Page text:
As dire as today’s headlines from the Middle East seem, things could still get far worse, according to a new report. The region’s civil wars could grind on for years, which would deepen a humanitarian crisis and promote mass migration, straining not just the political systems of neighboring countries, but Western governments and international institutions as well, says the Final Report of the Atlantic Council’s Middle East Strategy Task Force. The lack of security in the region would discourage even forward-thinking governments from undertaking needed political reforms, fearful of creating any opening that bad actors might exploit, it adds.
“The Kremlin is now skillfully exploiting the problems of the Middle East—including the refugee crisis—to serve its own interests on its western front, accelerating what it hopes will be a panic-driven turn inward by the world’s liberal democracies,” the report notes.
The authors propose a New Strategic Approach emphasizing partnership:
Under this New Approach, the leaders and peoples of the region must take full responsibility for charting a new, positive vision for their societies. At the same time, outsiders such as the United States would work to help resolve the violent conflicts that currently stand in the way of achieving any region-led vision…..The partnership that it envisions reaches out to the full range of regional actors, not just governments. Youth, women, private business, local civic groups, entrepreneurs, philanthropists, educators, and engaged citizens all have a role to play. What is required is a Whole-of-Region approach.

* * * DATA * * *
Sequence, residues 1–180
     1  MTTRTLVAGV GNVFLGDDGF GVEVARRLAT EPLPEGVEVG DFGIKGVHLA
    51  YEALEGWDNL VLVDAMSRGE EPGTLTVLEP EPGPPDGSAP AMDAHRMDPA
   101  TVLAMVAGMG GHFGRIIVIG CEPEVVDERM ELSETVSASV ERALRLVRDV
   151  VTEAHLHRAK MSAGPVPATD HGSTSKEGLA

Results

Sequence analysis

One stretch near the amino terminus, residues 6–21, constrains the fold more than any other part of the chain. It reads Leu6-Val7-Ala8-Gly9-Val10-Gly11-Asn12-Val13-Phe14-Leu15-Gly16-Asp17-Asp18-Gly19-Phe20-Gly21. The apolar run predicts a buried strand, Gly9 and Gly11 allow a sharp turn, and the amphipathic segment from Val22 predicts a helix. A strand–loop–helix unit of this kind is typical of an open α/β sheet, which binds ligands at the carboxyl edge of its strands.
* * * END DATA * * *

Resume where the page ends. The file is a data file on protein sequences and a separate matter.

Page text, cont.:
The New Strategic Approach envisions a two-pronged action agenda, implemented simultaneously:
External powers will take the lead along with regional actors in winding down civil wars, mitigating human suffering, and relieving the Islamic State of Iraq and al-Sham (Daesh2) of its territory. At the same time, regional actors, with support from external powers, will work to unlock the region’s rich, but largely untapped, human capital—especially the underutilized talents of youth and women.
This complementary division between external and internal actors represents a Compact for the Middle East:
It abrogates outdated assumptions that countries and peoples must choose between security and more open societies. The more steps countries in the region take to improve their governance and the lives of their people, the more legitimacy they will have, and the more support they can expect from the United States and its transatlantic partners.
The report’s working group members included Laith Kubba – Senior Director for Middle East and North Africa, National Endowment for Democracy; Leslie Campbell – Senior Associate; Regional Director for Middle East and North Africa, National Democratic Institute; Larry Diamond – Senior Fellow, Hoover Institution, Stanford University; and Amy Hawthorne – Deputy Director for Research, Project on Middle East Democracy.